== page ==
340 ACRES conserved IN THE TOWN OF KINGSBURY
Farmland for the Next Generation: By protecting their land, Donna and Albert Marns gained new security for their family farm's future.
When a neighboring farm came up for sale, Hudson Falls dairy farmers Albert and Donna Marns knew right away that they needed to try to buy it. They had been renting the farm's land, and it was important for their operation. "There was a developer looking at it, and it was right next door," says Albert.
Good quality farmland is at a premium in this corner of Washington County, where the Marns currently milk 200 cows on their Deep Roots Farm. Not far from Queensbury, farmland in their area is in demand for housing lots. They had already seen a neighboring farm fall to a developer and didn't want to see it happen again. "When they built a house on that neighboring farm, I cried," says Donna.
But land in their area is expensive, so Albert and Donna started looking into programs that would help them protect the neighboring farm, to make it more affordable for them to purchase. "There's no more land around here to rent. It's started getting more competitive with other farmers and developers. We're young, and if we're going to stay here, we need enough land to farm," Donna says.
Donna and Albert worked with ASA to apply to the New York State Farmland Protection Program, and the federal Farm and Ranch Lands Protection Program, for funding that would allow them to purchase the neighboring farm and protect it as well much of their own farm. They were accepted.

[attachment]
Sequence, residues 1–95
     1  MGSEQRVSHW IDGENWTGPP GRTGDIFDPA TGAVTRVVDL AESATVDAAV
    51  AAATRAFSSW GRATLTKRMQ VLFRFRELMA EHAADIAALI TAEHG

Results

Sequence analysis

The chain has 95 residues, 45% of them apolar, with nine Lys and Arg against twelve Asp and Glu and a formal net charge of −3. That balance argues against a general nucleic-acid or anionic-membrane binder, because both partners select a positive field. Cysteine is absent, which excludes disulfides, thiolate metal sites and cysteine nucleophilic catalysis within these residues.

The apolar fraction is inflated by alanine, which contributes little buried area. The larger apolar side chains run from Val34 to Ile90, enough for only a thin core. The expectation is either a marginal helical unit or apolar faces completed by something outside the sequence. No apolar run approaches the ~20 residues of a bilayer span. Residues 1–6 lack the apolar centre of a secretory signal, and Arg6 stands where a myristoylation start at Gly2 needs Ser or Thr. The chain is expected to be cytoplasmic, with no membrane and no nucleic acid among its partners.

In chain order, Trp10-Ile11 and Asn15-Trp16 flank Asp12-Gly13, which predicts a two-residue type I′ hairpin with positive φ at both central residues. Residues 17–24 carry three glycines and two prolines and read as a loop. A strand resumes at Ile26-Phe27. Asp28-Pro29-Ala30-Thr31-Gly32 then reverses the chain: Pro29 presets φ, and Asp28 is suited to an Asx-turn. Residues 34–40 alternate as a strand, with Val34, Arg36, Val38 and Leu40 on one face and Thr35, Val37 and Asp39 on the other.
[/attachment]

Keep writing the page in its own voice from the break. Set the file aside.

The couple—who come from generations of farm families—had their children in mind as well: sons Trenton, 16, Connor, 14, and Tanner, 12. All three boys have an interest in continuing to farm when they're older, but the farm needs enough land to support them.
"With farmers, it's not all about money," says Donna. "We work on a tight margin with milk production. When it comes to land, we just want to be able to stay here, and raise our family and take care of everybody."
This October, the project was finalized, bringing relief to Donna and Albert that the future of the farm is more secure now. Proceeds from the sale of development rights will help the farm expand and upgrade their operation with a new barn and milking parlor. "It's going to leave our sons in a better position, because they'll have more efficient facilities," says Donna.
The project also gave Donna and Albert the deep satisfaction of knowing they were fulfilling the wishes of Donna's father, who started the farm in 1956 with his father. "He wanted to see it stay a farm when he sold it to us," Donna says. "He loved the land, and he loved this farm. My father always said, 'Once you put down concrete, there's no going back.'"
And there's the gratification they gained in knowing that the land they love will stay farmland forever. "I'm not going to work here my entire life to have someone build houses," says Albert.
"When my father passed away, he had the peace of mind of knowing what was going to happen to the farm—and now I know too," Donna adds.